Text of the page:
Subject-Based Practical skills

  • develop the ability to work independently
  • develop the skills of informal education and group work
  • to work effectively within a team and across disciplinary boundaries
  • develop the skills to communicate effectively to diverse audiences, including planning and delivering presentations
  • work within ethical and value-led boundaries and in association with other professionals
  • develop the skills to create programmes of non-formal education for youth and community groups
  • develop ICT skills

Skills for life and work (general skills)

  • develop self management skills in organising learning
  • develop time-management skills and the ability to prioritise tasks
  • communicate effectively in a variety of media to diverse audiences
  • develop the ability to interpret and present information in a critical and constructive way
  • develop the ability to organise and articulate opinions, arguments, and information in speech and in writing
  • develop the ability work effectively as part of a team, including working through conflict
  • work effectively in a variety of organisational settings
  • develop the ability identify, understand and respond to change

Structure

The programme structure

Introduction

All programmes are credit-rated to help you to understand the amount and level of study that is needed.

One credit is equal to 10 hours of directed study time (this includes everything you do e.g. lecture, seminar and private study).

Credits are assigned to one of 5 levels:

  • 0 - equivalent in standard to GCE 'A' level and is intended to prepare students for year one of an undergraduate degree programme
  • 1 - equivalent in standard to the first year of a full-time undergraduate degree programme
  • 2 - equivalent in standard to the second year of a full-time undergraduate degree programme
  • 3 - equivalent in standard to the third year of a full-time undergraduate degree programme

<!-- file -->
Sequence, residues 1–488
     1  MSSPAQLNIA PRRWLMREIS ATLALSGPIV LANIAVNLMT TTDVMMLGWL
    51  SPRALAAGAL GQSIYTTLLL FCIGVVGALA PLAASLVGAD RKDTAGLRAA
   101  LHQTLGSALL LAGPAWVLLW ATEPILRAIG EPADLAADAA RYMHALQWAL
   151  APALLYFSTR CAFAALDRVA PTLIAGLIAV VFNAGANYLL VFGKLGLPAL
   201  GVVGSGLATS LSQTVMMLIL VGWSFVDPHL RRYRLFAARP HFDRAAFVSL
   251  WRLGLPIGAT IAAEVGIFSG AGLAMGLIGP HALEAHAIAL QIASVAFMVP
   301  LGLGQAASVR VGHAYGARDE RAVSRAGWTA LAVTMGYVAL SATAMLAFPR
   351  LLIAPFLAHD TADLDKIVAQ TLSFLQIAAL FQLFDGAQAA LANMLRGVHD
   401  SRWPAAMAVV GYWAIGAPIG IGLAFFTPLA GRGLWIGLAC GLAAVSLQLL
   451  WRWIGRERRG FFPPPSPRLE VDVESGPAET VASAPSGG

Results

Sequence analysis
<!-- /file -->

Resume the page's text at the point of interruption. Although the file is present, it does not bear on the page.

• M - equivalent in standard to a Masters degree

Credit rating

The overall credit-rating of this programme is 360 credits.

Typical duration

The expected duration of this programme is three years when attended in full-time mode or longer in part-time mode. It is possible to move from a full-time mode of study to a part-time mode of study and vice-versa, to accommodate any external factors such as financial constraints or domestic commitments. Many of our students make use of this flexibility and this may impact on the overall duration of their study period.

How the teaching year is divided

The teaching year begins in September and ends in June, but some programmes also allow students to join at the start of Semester B, in February. A student, normally registering for 6 modules in one year (3 modules in each Semester) would do so in a full-time attendance mode of study and a student registering for up to 4 modules in one year (2 modules in each Semester) would do so in part-time attendance mode of study.

What you will study when

This programme is part of a modular degree scheme. A student registered in a full-time attendance mode will take six 20 credit modules per year. An honours degree student will complete six modules at level one, six at level 2 and six at level 3.

It is possible to bring together modules from one field with modules from another to produce a combined programme. Subjects are offered in a variety of combinations however please note that National Youth Agency validation will apply only for students on the single programme:

  • Single - 120 credits at levels one, two and three
  • Major - 80 credits at levels one, two and three
  • Joint - 60 credits at levels one, two and three
  • Minor - 40 credits at levels one, two and three

Modules are defined as:

  • Core - Must be taken
  • Option - Select from a range of identified module within the field
  • UEL Wide Option - Select from a wide range of UEL wide options

The following pages show the core and optional requirements for the single and major programmes.

The following are the core and optional requirements for the single and major pathways for this programme

The following are the core and optional requirements for the single and major routes for this programme

Level 1

LEVELTITLESkills
Module
CREDITSSTATUS
SINGLE
STATUS
MAJOR
STATUS
JOINT
STATUS
MINOR

1

ED1000:Critical Reading and Writing

Y

20

Core

Core

Option

-

1

ED1021: Introduction to Youth and
Community Work

-

20

Core

Core

Core

Core

1

ED1028: Communication,
Mentoring and Counselling Skills
for Youth and Community Work

-

20

Core

Core